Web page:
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Climate plan's advocates win a victory on Tuesday, but the Capitol fight isn't over

Assemblyman Eduardo Garcia (D-Coachella), who urged assmeblymembers to pass SB 32. (Rich Pedroncelli / Associated Press)
Assemblyman Eduardo Garcia (D-Coachella), who urged assmeblymembers to pass SB 32. (Rich Pedroncelli / Associated Press)

Advocates for California's sweeping climate change law scored a major victory Tuesday when the Assembly approved a measure to extend the state's goals to reduce greenhouse gas emissions. But they're not breathing easy just yet.

Deep in the bill language of SB 32 by Sen. Fran Pavley (D-Agoura Hills) is a sentence that links its fate to another climate bill yet to be approved by the Assembly:

"This act shall become operative only if Assembly Bill 197 of the 2015–16 Regular Session is enacted and becomes effective on or before January 1, 2017."

That bill, by Assemblyman Eduardo Garcia (D-Coachella), would increase legislative oversight of the California Air Resources Board, which implements much of the state's climate policy. It also has language that makes it contingent on Pavley's bill. In legislative parlance, the two are "double-joined" and must both be signed into law to take effect.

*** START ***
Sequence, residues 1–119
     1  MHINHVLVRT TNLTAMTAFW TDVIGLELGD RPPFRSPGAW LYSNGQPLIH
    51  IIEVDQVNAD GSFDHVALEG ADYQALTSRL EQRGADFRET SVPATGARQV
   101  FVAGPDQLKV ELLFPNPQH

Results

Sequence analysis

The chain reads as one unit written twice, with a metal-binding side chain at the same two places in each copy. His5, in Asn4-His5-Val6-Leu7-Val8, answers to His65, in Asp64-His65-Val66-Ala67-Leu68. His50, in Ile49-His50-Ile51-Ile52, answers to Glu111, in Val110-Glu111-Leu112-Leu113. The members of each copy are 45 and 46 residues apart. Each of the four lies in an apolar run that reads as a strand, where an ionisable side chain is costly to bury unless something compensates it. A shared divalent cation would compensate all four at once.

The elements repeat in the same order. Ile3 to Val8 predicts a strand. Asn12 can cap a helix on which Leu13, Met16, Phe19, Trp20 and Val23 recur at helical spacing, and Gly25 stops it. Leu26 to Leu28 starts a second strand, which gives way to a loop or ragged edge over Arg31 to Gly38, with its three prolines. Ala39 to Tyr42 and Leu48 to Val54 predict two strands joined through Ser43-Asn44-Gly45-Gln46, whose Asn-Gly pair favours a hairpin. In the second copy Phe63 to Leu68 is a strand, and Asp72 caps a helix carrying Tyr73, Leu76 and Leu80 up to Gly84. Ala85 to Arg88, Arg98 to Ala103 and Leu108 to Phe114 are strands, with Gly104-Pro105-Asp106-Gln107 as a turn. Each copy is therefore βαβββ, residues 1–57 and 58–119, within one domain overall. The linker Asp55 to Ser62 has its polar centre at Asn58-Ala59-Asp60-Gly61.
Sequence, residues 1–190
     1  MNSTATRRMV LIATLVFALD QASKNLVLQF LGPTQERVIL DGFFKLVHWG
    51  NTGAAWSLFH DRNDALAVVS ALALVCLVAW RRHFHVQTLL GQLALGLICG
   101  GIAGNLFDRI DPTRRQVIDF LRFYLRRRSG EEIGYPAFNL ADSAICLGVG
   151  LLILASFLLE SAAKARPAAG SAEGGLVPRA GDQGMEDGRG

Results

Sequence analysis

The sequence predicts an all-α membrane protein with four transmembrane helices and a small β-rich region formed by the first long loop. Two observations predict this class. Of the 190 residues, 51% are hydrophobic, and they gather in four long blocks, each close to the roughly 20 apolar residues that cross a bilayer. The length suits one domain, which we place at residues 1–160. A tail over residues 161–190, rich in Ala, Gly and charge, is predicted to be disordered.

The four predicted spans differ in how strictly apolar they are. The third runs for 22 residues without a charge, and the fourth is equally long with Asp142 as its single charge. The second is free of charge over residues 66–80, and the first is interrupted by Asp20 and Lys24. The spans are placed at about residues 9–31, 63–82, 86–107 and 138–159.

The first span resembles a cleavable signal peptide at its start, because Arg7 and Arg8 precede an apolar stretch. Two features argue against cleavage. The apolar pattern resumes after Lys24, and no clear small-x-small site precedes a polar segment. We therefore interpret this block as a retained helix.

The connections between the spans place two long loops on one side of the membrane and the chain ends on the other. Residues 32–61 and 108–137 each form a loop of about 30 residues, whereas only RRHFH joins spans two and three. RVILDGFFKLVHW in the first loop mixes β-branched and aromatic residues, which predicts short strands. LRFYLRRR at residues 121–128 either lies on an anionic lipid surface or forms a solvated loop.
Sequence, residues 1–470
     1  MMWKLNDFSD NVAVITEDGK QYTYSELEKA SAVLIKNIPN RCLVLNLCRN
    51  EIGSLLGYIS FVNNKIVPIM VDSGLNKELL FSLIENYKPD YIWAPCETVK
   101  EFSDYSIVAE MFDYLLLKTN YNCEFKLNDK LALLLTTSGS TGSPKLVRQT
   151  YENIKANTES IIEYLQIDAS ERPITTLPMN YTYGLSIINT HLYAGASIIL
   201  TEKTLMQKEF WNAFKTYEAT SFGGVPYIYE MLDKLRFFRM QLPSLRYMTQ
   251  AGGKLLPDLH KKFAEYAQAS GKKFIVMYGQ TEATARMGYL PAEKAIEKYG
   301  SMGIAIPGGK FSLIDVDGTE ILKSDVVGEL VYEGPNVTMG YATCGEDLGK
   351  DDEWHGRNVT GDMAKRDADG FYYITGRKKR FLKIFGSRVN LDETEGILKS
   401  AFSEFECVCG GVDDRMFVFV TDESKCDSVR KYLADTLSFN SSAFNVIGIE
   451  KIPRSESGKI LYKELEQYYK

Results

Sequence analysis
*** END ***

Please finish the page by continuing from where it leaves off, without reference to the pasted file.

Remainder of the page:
Oil companies have been increasingly focused on Garcia's bill, which includes a provision requiring the agency to focus more on slashing emissions from local refineries and manufacturers. One industry lobbyist said such a shift in focus would undermine the state's cap-and-trade system, in which businesses purchase permits in order to pollute.

Backers of Garcia's bill say nothing in the measure rules out the cap-and-trade system. But the oil industry's focus on AB 197 signals a two-for-one strategy: If they can prevent the bill from passing, they effectively can sink both measures.

Assembly Speaker Anthony Rendon (D-Paramount) made a point to tout Garcia's bill as a crucial companion to the bill approved today. 

"Certainly our caucus understands that AB 197 is really about reform," Rendons said. "It’s really about oversight, it’s really about accountability. These are the types of things that we’ve been talking about as a caucus, as a Legislature, for some time."

In the waning days of the legislative session, when parliamentary maneuvers are at their most creative, there may be ways to de-couple the two bills. Nevertheless, as SB 32 heads back to the friendlier Senate for final approval, keep an eye on Garcia's bill as the key climate focal point in the Assembly.

This post was updated at 2:48 p.m. to include comments from Assembly Speaker Anthony Rendon.

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